6401.0 - Consumer Price Index, Australia, Mar 2010 Quality Declaration
ARCHIVED ISSUE Released at 11:30 AM (CANBERRA TIME) 28/04/2010
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CAPITAL CITIES COMPARISON
All Groups: Percentage change from previous quarter
At the All groups level, the CPI rose in all capital cities this quarter. Melbourne and Perth registered the highest increases with rises of 1.3% and 1.1% respectively, while rises for all other capital cities were in the range of 0.5% to 0.8%.
At the eight capital cities level, the housing group was the highest positive contributor to the quarterly movement driven by rises for electricity. Increases were recorded in all capital cities with the housing group the largest positive contributor in Melbourne, Adelaide and Darwin.
The health group recorded the second highest positive contribution with rises in all capital cities ranging from 3.1% in Adelaide to 5.4% in Brisbane. In four capital cities the health group was the highest positive contributor. This was mainly due to increases in pharmaceuticals prices across all capital cities ranging from 11.9% in Perth to 15.4% in Hobart.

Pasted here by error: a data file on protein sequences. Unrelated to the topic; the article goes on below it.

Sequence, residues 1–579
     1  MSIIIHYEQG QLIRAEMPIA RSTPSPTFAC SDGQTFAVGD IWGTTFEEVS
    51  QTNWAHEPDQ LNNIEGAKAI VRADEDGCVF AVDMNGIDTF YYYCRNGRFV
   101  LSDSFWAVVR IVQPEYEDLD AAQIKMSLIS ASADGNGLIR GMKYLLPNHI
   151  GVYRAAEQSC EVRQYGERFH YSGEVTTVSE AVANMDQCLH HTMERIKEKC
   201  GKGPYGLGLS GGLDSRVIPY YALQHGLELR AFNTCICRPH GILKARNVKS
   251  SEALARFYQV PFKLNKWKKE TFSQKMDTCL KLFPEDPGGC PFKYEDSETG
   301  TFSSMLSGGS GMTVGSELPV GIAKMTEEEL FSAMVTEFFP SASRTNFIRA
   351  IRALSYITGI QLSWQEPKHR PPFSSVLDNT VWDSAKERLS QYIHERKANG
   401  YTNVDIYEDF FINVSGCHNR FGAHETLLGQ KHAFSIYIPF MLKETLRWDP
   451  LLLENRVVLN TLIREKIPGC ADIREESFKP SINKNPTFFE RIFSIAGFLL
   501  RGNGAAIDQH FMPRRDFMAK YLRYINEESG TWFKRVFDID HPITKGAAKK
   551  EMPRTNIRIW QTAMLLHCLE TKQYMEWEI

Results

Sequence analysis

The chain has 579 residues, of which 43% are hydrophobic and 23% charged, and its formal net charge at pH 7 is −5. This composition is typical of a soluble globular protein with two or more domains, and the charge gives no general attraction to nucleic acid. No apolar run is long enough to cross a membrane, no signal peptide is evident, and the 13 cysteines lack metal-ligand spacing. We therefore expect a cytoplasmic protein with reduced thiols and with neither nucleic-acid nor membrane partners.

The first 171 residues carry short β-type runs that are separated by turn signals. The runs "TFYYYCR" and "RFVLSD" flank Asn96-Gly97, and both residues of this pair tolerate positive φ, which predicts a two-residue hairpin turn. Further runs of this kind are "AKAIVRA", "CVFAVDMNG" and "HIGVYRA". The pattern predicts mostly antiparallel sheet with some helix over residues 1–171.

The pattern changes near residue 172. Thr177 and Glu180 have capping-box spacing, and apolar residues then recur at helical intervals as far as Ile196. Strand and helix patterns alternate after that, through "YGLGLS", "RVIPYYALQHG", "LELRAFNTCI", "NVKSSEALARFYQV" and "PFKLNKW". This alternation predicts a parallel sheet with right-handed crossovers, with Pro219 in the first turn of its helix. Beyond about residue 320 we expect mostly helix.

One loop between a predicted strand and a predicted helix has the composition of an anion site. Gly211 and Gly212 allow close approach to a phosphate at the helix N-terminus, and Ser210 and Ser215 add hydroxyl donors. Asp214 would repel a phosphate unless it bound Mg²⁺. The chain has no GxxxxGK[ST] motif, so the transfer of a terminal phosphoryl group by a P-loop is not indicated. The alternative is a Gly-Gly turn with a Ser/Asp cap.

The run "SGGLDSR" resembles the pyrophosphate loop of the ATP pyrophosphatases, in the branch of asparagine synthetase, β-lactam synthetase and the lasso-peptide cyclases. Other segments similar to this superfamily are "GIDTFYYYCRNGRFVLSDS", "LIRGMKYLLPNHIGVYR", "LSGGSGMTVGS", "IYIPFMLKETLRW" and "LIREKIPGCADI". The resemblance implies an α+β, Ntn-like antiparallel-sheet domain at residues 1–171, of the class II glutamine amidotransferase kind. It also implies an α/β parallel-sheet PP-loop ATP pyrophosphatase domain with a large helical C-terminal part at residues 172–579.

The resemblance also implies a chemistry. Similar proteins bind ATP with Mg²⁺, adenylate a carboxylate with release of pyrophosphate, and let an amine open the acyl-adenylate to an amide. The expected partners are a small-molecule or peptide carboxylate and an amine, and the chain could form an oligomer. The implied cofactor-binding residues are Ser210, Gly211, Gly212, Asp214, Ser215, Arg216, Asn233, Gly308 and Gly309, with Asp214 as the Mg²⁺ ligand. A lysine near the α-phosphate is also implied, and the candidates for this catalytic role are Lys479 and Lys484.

The financial and insurance services group was also a significant contributor to the quarterly movement showing increases in all capital cities. This was mainly due to deposit and loan facilities which recorded rises in all capital cities.
The clothing and footwear group was the largest negative contributor with falls in all capital cities ranging from 1.4% in Canberra to 7.9% in Perth. This was mainly due to the impact of price decreases for men's outerwear in seven capital cities and children's and infants' clothing in all capital cities.
The household contents and services group was the second largest negative contributor with falls in seven capital cities. The exception was Darwin (+0.7%) due to price increases for other household supplies.
Over the twelve months to March quarter 2010, the All groups CPI rose in all capital cities with the increases ranging from 2.6% in Canberra and Adelaide to 3.5% in Darwin. The higher result in Darwin is largely due to stronger than average rises in housing, alcohol and tobacco, transportation and household contents and services.
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